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Of Noodles and Affection

I’m halfway somewhere between the bus stop and the out-of-town road. I’m wading through a small crowd on a half-lit sidewalk. As we walk past each other, our half-lit faces straddle between half-smiles and uncertain emotions. We’re like a group of half-sketched silhouettes made by half-skilled artists.

The streetlights are slowly dying off, and the faint glows from stalls and bars are spilling into the streets like partly remembered dreams. I’m watching shadows dissolve, and then reemerge as the vehicles drive past Birom Street. I’m thinking of dreams and how the ones we have in this city always seem to be on the run from us. And as they run, they leave behind trails of smoke and dust that hang low like stalactites. It’s a lesson, a caution not to dream too much.

And we adapt. We learn to walk with our heads low, so that we don’t fall casualties of our own imagination.


The other day, on this same sidewalk, I met a woman. She was small and calm and sat alone by a small table shop.

“No, no…wait, make I explain,” She was saying to herself, “make I explain, make I explain.”

Her hair brown and curly. Nails broken and stained with patches of red that looked like maps of small countries. On the fourth finger of her left hand was an old, washed-up silver ring.

And as she spoke, I wondered. I wondered if the words she spoke were just the meaningless thoughts of a sick woman. Or if they hinted at stories of a past that was forever crawling its way into the present.


The present.

It’s a little past one in the morning. And with every stranger I walk past, I’m wondering what their stories might be. Somewhere underneath the pile of tired shoes and over stressed coat jackets are stories of ordinary people with the same ancient themes. Regrets and missed opportunities. Love. Heartbreak. Yearnings for second chances.

It’s past one in the morning, and we’re all united by either of two truths: that no one’s up late somewhere, wondering where we might be, or that we don’t care that they are.

There’s a certain sense of kinship in that.


It’s three minutes past two in the morning. I’m far from home, in a place I don’t recognize. It’s a small chain of kiosks, bars, and shayi spots. One mai suya is curled on his bench as his stove emits last sparks of the day’s work. Small groups of men are scattered about, sipping tea and talking quietly. An old couple come out a small building where a bowl of noodles sits on an electronic signboard. They’re holding hands and nearly gliding on the gentle breeze as it carries faint snatches of shrieks and meows.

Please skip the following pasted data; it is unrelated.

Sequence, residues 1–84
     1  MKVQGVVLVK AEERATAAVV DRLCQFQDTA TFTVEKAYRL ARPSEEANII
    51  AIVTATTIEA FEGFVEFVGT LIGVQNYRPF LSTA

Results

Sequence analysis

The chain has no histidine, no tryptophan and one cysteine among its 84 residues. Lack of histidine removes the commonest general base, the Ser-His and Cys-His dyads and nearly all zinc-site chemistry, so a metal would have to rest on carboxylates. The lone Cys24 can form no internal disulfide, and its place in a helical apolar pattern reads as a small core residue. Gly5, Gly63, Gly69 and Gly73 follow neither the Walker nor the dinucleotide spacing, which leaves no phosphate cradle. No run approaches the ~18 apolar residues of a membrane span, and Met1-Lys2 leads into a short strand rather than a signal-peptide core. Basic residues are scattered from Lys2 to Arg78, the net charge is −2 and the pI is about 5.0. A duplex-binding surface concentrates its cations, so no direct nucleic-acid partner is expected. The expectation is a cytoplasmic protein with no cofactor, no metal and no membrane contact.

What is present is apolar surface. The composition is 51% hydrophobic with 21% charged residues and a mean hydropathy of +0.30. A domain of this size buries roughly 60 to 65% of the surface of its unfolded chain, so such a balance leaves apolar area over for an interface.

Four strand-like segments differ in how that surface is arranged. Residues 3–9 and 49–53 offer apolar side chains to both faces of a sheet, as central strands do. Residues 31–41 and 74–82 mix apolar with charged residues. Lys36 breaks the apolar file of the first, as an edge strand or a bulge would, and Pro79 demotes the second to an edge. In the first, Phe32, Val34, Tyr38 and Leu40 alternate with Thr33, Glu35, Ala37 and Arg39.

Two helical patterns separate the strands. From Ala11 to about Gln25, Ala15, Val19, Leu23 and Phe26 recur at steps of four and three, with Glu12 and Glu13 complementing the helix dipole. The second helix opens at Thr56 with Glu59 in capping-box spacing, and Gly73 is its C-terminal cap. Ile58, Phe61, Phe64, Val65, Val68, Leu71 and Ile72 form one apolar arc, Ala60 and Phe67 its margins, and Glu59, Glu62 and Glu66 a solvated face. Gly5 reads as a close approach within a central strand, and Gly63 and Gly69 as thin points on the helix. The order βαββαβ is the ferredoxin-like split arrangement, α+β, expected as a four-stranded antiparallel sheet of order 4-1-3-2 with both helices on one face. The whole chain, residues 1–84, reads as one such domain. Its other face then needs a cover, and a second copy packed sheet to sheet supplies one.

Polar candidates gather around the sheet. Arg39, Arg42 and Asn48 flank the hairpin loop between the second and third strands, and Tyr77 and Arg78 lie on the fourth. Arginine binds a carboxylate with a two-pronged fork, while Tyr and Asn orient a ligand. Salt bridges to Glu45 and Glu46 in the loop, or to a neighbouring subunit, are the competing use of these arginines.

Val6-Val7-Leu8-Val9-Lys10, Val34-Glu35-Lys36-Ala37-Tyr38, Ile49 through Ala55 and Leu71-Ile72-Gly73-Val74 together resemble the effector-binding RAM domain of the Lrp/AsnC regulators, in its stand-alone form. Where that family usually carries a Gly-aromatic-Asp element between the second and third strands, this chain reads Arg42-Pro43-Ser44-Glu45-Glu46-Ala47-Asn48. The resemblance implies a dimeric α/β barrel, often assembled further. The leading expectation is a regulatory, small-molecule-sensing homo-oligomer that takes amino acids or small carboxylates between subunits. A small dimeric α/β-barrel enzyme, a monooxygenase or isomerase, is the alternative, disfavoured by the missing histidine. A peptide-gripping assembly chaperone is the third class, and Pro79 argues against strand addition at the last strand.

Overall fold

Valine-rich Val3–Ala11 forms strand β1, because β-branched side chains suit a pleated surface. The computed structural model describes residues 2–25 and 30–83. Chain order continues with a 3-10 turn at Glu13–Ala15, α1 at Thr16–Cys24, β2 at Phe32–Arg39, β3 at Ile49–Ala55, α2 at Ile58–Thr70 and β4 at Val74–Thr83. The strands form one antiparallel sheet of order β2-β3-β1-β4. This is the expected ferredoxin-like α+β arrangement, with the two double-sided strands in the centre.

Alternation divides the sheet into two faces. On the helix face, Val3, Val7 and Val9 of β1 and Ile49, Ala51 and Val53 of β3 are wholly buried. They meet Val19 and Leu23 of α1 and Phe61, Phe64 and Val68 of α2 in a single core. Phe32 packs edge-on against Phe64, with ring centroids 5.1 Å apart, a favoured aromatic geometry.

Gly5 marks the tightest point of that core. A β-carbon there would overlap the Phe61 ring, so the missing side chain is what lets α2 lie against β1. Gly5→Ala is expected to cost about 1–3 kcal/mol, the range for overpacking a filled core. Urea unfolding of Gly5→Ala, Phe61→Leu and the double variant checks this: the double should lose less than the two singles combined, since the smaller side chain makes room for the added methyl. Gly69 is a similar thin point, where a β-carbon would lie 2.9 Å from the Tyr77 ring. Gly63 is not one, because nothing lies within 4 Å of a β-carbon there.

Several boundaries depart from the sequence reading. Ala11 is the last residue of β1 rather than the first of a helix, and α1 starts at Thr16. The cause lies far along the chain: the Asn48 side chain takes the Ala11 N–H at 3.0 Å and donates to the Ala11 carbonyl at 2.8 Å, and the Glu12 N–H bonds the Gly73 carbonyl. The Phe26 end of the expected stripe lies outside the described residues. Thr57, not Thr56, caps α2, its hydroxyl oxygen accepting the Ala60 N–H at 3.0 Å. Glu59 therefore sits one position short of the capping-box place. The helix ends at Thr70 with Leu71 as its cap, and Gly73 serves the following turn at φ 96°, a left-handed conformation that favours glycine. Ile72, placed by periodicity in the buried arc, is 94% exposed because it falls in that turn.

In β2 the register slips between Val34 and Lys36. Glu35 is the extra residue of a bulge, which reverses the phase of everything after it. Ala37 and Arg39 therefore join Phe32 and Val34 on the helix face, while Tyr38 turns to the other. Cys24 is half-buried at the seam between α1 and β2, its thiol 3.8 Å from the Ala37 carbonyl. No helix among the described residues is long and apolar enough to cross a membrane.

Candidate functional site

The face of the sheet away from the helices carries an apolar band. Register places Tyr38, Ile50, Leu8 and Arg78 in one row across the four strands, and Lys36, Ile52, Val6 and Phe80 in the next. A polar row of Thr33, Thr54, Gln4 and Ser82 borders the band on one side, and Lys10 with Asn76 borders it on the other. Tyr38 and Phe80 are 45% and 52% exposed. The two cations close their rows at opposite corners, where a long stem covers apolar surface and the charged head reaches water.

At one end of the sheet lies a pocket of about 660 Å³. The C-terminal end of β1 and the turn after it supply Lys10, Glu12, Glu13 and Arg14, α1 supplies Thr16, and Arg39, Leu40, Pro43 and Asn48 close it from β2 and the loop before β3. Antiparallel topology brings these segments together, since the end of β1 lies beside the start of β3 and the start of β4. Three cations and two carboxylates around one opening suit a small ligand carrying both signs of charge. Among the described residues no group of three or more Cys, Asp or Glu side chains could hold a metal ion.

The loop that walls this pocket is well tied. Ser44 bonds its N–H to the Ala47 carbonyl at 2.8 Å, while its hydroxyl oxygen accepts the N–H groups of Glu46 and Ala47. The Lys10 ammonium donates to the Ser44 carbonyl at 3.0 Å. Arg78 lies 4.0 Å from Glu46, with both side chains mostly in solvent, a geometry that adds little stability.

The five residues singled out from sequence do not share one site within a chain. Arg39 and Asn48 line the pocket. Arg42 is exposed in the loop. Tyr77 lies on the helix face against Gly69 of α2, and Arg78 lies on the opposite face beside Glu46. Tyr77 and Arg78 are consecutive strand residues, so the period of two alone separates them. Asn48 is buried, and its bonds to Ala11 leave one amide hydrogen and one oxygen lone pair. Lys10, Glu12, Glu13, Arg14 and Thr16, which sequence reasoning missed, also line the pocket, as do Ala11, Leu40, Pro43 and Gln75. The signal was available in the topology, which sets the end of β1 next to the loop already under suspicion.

“You’re not from around here,” the woman says, as she chops a large white onion bulb on a wooden counter.

I nod, then shake my head in confusion. She smiles. I look around. Three pairs of customers, each pair to a table. They’re eating noodles and conversing in quiet voices. On the far right table, one man is speaking while the woman opposite him nods from time to time. The loudest thing in the room is the ceiling fan.

“You’re safe. We have enough noodles for everyone,” the woman at the counter says.

She heads off to a small stove on a large table. A small pot is fuming with steam from boiling noodles. A group of plastic bowls are seated on the table. She opens them one after the other and empties their contents into the steaming pot.

Garlic. Peas. Carrots…

“The garlic will awaken your spirit,” she says, “and this,” pointing to a plate of sliced cucumbers, “this will dissolve your worries.”

I smile and nod, wondering if I’d walked into some type of shrine.


“No date? No friend?” The woman asks as she sets down a bowl of hot noodles.

I shake my head.

“It’s past three in the morning,” I say, “it can’t be a date if it’s past three in the morning.”

“Oh, right.”

She stares blankly for a while.

“But says who? Who makes the rules about when to have dates and when not to?”

I shrug.

“It’s just a social convention, like not riding two bikes at the same time,” I say.

“Hold on, you’re saying the only thing stopping me from riding two bikes at once, is social convention. Like, if I wanted to, I could ignore what people might think and just, ride two bikes?”

I nod.

“That’s pretty much it,” I say.

“I’ve been living a lie, all the missed childhood opportunities…”

“It’s not too late for you,” I say.

She laughs.

“You too,” she says, “it’s not too late for friendship. That’s why everyone comes here.”

“What do you mean?”

“None of the people you see eating together came in together,” she says. “They all met each other here, today.”

“That’s nice,” I say, between mouthfuls of boiled egg and cucumbers.

She nods.

“Noodles and affection, that’s how we fight the loneliness in this city,” she says.

“Ah loneliness, right.”

“Yes, loneliness,” she says, “it seems to be the ultimate equalizer of us all.”

I’m having trouble scooping the last bits of soup. It finally occurs to me to drink directly from the bowl. The woman laughs.

“There’s more,” she says, “I could spare half a plate.”

“No, thanks, I’m good.”

“Next time you come, I’ll find you a friend,” she says.

I nod.


The place is as before. Strangers sharing quiet tales over noodles and vague memories of homes. The ceiling fan is still the loudest thing in the room. The cook emerges from behind a grey, wooden door.